In addition, if you are involved in the administration of the Plan and you are involved in a crime or a breach of fiduciary duty under ERISA involving the Plan, your benefit under the Plan may be reduced by the amount that you are ordered by a court, or otherwise required, to pay to the Plan.

22. DOES THE PLAN REDUCE MY SOCIAL SECURITY BENEFITS OR PAYMENTS?

No. The benefits of the Plan are in addition to any Social Security benefits or payments you may receive.

23. WHAT ARE MY RIGHTS UNDER THE PLAN?

The following statement is required by federal law and regulations concerning your rights under the Plan:

As a Participant in this Plan you are entitled to certain rights and protections under the ERISA. ERISA provides that all Plan Participants shall be entitled to:

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Examine, without charge, at the Plan Administrator's office and at other specified locations, such as work sites and union halls, all documents governing the Plan, including insurance contracts and collective bargaining agreements, and a copy of the latest annual report (Form 5500 Series) filed by the Plan with the U.S. Department of Labor and available at the Public Disclosure Room of the Employee Benefits Security Administration.

Obtain, upon written request to the Plan Administrator, copies of documents governing the operation of the Plan, including insurance contracts and collective bargaining agreements, and copies of the latest annual report (Form 5500 Series) and updated summary plan description. The Plan Administrator may make a reasonable charge for the copies. Receive a summary of the Plan's annual financial report. The Plan Administrator is required by law to furnish you with a copy of this summary annual report.

Obtain a statement of your Account under the Plan. You must direct this request in writing to the Plan Administrator. You may request a statement only once a year and the Plan must provide the statement free of charge.

In addition to creating rights for Plan Participants, ERISA imposes duties upon the people who are responsible for the operation of the Plan. The people who operate your Plan, called ‘fiduciaries’ of the Plan, have a duty to do so prudently and in the interest of you and other Plan Participants and beneficiaries. Although your participation in the Plan is not a guarantee of continued employment with your employer, no one (including the employers, a union, or any other person) may fire you or otherwise discriminate against you in any way to prevent you from obtaining a benefit under the Plan or exercising your rights under ERISA.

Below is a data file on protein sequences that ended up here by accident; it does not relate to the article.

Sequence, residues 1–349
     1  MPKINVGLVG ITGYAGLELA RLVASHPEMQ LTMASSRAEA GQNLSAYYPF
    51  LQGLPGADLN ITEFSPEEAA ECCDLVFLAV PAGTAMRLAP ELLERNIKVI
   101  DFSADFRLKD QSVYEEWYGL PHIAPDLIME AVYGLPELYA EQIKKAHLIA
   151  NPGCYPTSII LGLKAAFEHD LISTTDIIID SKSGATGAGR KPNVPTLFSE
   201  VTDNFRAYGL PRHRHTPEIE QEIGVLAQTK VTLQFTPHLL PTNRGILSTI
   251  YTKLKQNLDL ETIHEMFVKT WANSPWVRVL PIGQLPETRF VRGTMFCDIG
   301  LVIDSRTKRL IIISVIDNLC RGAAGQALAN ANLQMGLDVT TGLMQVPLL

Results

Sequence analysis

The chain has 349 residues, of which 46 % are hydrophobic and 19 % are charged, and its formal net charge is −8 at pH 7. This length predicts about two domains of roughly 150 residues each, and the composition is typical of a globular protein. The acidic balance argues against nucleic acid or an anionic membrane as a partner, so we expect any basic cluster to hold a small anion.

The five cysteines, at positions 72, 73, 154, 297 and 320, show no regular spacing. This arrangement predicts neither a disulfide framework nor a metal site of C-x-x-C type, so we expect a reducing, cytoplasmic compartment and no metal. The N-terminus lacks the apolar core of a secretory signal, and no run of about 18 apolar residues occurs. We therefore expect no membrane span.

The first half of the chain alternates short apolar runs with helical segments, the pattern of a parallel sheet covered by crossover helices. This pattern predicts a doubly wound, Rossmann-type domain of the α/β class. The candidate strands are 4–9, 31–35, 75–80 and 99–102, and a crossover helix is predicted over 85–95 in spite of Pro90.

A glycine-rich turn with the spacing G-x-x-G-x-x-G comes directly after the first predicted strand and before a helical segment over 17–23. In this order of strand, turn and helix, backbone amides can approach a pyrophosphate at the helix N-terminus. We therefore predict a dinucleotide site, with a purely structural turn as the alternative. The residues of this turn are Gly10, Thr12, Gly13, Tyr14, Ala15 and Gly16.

If your claim for a benefit is denied, in whole or in part, you must receive a written explanation of the reason for the denial. You have the right to have the Plan Administrator review and reconsider your claim. Under ERISA, there are steps you can take to enforce the above rights. For instance, if you request materials from the Plan and do not receive them within 30 days, you may file suit in a federal court. In such a case, the court may require the Plan Administrator to provide the materials and pay you up to $110 a day until you receive the materials, unless the materials were not sent for reasons beyond the control of the Plan Administrator.

If you have a claim for benefits that is denied or ignored, in whole or in part, you may file suit in a state or federal court. In addition, if you disagree with the Plan's decision or lack thereof concerning the qualified status of a domestic relations order, you may file suit in federal court. In either case, you must exhaust all administrative remedies available under the Plan, including the use of the Claims Review Procedure

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described in the Section entitled "How Do I Make a Claim for Benefits?" above, prior to filing a suit in state or federal court.

If it should happen that Plan fiduciaries misuse the Plan's money, or if you are discriminated against for asserting your rights, you may seek assistance from the U.S. Department of Labor, or you may file suit in a federal court. The court will decide who should pay court costs and legal fees. If you are successful, the court may order the person you have sued to pay these costs and fees. If you lose, the court may order you to pay these costs and fees; for example, if it finds your claim frivolous.

If you have any questions about your Plan, you should contact the Plan Administrator. If you have any questions about this statement or about your rights under ERISA, or if you need assistance in obtaining documents from the Plan Administrator, you may contact the nearest office of the Employee Benefits Security Administration, U. S. Department of Labor, listed in your telephone directory or the Division of Technical Assistance and Inquiries, Employee Benefits Security Administration, U. S. Department of Labor, 200 Constitution Avenue, N.W., Washington, D.C. 20210. You may also obtain certain publications about your rights and responsibilities under ERISA by calling the publications hotline of the Employee Benefits Security Administration.

24. MAY THE PLAN BE AMENDED OR TERMINATED?

The Plan Sponsor has the right to amend the Plan at any time. In addition, your employer has the right to amend certain provisions of the Plan with the consent and approval of the Plan Sponsor. The Plan Sponsor has the right to terminate the Plan at any time. Thus, your rights as discussed in this Summary Plan Description may be changed. However, if they are changed materially, the Plan Administrator will notify you of the change.